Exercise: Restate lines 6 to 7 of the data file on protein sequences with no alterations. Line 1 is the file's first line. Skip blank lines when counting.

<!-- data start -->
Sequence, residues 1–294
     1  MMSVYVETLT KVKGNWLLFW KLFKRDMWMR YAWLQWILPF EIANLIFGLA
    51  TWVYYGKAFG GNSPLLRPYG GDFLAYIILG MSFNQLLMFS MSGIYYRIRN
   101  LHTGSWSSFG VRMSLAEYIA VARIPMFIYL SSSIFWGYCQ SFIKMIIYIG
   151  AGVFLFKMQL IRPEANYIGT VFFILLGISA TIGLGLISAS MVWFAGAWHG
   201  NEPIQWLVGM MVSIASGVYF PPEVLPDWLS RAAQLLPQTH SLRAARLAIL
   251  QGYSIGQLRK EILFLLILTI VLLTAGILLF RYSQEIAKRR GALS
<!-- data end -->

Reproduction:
   201  NEPIQWLVGM MVSIASGVYF PPEVLPDWLS RAAQLLPQTH SLRAARLAIL
   251  QGYSIGQLRK EILFLLILTI VLLTAGILLF RYSQEIAKRR GALS